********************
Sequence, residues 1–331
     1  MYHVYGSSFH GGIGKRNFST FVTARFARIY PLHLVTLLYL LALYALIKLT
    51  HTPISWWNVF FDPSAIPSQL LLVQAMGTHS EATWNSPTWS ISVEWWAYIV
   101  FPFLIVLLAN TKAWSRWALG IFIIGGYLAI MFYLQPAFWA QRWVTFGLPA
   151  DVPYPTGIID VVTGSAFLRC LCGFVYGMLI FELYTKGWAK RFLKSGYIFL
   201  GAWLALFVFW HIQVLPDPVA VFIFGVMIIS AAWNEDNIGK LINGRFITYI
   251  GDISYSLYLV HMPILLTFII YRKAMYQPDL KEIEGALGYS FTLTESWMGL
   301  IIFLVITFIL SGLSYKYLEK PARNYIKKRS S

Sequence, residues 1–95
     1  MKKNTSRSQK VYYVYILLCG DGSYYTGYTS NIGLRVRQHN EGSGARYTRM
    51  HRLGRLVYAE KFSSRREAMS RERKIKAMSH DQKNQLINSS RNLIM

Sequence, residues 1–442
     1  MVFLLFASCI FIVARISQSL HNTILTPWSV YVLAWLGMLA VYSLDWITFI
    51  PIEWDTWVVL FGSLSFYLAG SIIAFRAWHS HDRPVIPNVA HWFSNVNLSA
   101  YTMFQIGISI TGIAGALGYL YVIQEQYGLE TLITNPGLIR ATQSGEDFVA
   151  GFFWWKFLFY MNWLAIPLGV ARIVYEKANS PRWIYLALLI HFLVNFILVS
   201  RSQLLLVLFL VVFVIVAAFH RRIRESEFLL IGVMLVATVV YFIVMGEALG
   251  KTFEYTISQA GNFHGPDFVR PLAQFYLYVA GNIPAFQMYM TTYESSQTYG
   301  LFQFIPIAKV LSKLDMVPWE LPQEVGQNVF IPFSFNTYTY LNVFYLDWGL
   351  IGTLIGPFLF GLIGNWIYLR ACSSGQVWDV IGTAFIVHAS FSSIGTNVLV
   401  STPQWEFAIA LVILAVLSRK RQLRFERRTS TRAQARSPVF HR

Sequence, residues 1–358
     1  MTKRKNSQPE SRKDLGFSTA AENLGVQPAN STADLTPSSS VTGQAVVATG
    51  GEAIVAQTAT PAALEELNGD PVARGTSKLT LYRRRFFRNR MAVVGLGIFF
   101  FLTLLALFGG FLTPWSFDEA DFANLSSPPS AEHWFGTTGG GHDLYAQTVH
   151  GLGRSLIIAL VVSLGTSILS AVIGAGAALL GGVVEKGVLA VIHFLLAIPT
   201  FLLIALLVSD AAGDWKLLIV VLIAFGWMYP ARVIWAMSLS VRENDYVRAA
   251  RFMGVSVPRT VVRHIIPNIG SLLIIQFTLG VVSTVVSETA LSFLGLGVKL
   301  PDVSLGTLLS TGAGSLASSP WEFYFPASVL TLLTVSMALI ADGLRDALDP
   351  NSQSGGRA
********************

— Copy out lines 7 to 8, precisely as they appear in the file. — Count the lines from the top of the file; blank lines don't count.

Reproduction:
   251  GDISYSLYLV HMPILLTFII YRKAMYQPDL KEIEGALGYS FTLTESWMGL
   301  IIFLVITFIL SGLSYKYLEK PARNYIKKRS S